Fodder budget

Fodder should be on the mind of all drystock farmers, and you can’t manage what you don’t measure. Recognising that there is a deficit of fodder on farm now as opposed to mid-winter will allow for a plan to be put in place that will ensure there is sufficient fodder for the stock on farm.

Suckler cows will need approximately 1.4 tonnes silage/month, with store cattle requiring 1.1-1.3 tonnes/month, depending on the level of meal feeding. Weanlings will require approximately 0.7 tonnes/month.

Where silage stocks are low on farm, there are several options available.

If stocking rates allow, some ground can be fertilised to take a second/third cut or a late first cut to bolster supplies.

If grass is tight on farms, sourcing additional fodder from outside the farm may be a better option, and securing this now as opposed to when stock are being fed ensures that the feed is readily available.

Another option is to increase meal feeding levels in finishing stock. Doing this will reduce demand on fodder and should shorten the finishing period.

Where cattle are traditionally kept over the winter months and finished, those tight on fodder might be better to sell stock live as opposed to buying in extra fodder (cull cows, for example).

Weigh up the options for your own farm depending on your needs and enterprise, but plan early as opposed to leaving things to chance.


Those who commenced breeding on 1 May will now have 10 weeks complete. At this stage, any cow that has not cycled or has repeated several times is in danger of falling out of the herd. These cows are now going to be late calvers, but whether you wish to keep them in the herd and possibly end up calving them in May is your choice.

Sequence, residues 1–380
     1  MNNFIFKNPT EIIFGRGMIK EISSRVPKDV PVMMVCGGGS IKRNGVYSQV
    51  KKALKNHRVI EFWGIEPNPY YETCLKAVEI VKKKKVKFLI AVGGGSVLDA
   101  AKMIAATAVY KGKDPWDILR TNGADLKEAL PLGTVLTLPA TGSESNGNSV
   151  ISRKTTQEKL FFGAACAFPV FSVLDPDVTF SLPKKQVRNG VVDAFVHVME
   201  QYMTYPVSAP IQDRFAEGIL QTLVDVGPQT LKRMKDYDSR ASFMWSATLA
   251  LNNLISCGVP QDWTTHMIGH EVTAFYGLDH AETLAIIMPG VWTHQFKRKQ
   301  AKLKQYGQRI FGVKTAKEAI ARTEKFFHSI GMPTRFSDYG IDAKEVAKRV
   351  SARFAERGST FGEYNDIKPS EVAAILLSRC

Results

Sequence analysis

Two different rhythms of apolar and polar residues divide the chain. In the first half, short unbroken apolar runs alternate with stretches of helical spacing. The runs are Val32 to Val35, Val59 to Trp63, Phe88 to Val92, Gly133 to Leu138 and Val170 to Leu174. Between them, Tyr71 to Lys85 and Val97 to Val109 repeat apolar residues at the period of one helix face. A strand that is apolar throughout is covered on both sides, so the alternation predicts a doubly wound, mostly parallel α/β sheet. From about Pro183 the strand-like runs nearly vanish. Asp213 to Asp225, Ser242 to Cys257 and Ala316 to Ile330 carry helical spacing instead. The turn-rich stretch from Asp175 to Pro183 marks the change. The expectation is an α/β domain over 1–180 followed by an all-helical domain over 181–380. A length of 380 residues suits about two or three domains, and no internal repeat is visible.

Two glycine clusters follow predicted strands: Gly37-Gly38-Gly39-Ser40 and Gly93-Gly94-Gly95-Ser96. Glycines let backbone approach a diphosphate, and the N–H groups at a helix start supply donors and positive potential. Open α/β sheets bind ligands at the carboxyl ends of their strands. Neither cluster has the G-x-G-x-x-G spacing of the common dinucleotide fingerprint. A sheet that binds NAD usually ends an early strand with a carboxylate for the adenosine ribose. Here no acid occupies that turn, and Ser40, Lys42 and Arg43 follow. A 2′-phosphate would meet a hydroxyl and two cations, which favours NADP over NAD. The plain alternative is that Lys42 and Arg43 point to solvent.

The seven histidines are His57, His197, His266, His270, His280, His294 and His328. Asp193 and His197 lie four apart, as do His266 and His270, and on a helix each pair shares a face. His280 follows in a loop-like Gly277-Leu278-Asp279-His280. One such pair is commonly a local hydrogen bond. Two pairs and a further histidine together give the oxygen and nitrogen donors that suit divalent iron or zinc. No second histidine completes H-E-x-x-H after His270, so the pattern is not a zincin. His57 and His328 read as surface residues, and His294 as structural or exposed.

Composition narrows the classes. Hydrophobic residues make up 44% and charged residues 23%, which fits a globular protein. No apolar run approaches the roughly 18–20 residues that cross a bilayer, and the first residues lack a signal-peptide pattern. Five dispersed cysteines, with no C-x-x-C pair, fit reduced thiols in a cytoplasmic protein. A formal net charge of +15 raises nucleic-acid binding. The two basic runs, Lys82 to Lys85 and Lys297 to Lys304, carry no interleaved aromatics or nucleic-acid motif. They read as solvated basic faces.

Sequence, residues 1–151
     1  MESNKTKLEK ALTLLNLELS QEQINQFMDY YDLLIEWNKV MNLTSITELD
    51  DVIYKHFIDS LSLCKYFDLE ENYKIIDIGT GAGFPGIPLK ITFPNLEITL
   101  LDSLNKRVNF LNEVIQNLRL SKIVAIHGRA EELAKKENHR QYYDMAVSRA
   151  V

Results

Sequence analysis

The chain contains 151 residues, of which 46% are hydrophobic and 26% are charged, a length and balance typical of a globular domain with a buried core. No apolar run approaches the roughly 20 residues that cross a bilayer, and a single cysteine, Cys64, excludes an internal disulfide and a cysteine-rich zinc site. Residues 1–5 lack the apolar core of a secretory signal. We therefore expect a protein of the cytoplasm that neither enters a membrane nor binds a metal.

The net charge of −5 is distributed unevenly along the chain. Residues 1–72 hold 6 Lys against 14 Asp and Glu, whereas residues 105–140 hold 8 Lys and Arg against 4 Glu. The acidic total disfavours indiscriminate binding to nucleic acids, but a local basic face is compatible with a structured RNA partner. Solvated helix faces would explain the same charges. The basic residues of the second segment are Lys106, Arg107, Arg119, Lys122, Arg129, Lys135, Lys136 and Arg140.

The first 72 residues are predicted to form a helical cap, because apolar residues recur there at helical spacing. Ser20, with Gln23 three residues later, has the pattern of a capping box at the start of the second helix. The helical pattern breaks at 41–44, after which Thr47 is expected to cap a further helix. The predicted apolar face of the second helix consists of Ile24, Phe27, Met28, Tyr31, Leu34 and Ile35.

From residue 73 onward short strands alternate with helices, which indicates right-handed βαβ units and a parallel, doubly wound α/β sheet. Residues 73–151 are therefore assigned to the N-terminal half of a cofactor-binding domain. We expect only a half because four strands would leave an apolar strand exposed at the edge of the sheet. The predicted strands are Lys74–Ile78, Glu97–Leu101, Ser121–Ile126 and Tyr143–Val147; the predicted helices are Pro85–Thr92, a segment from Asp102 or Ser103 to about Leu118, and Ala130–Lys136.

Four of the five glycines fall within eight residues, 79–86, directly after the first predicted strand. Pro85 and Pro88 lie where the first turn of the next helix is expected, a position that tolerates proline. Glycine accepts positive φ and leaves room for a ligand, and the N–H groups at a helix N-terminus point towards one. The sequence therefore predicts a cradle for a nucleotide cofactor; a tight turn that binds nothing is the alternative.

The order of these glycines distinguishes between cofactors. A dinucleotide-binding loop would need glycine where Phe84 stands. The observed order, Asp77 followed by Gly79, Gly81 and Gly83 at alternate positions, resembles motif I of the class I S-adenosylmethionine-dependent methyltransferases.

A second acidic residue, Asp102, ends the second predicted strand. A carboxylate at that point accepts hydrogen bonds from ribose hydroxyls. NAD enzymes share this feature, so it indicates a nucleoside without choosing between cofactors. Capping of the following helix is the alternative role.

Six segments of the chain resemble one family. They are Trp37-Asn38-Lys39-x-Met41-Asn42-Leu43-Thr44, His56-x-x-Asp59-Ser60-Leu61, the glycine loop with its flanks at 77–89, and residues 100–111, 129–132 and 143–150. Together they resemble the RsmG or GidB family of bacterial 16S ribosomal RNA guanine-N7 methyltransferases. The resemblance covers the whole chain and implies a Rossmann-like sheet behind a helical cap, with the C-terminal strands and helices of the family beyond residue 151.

If you do intend on breeding these, get any cows consistently repeating scanned to check for any infection or cysts and treat accordingly. Cows not yet having cycled that are calved longer than one month can be synchronised.

If using AI, choose a short gestation bull to try and pull calving back as much as possible.

Empty cows should ideally be segregated from older bull calves. While the risk of the calves physically bulling the cows is low, the risk of the calf developing pneumonia from following cows in heat around a paddock is much higher, especially with the colder nightime temperatures we are currently experiencing.

Autumn reseeding

While grass is still quite tight on a lot of farms, autumn reseeding should be considered for poor performing paddocks, as the wet weather in spring may mean that spring reseeds were never completed.

Autumn reseeding works for a lot of farms, but completing it now as opposed to later will mean that there is a better chance of getting a pre-emergence spray and a grazing completed in better weather conditions.

Swards will need 10-14 days after being sprayed off to effectively kill the sward, and it will take six weeks plus before the sward comes back in to production, leaving the first grazing in to mid-late September.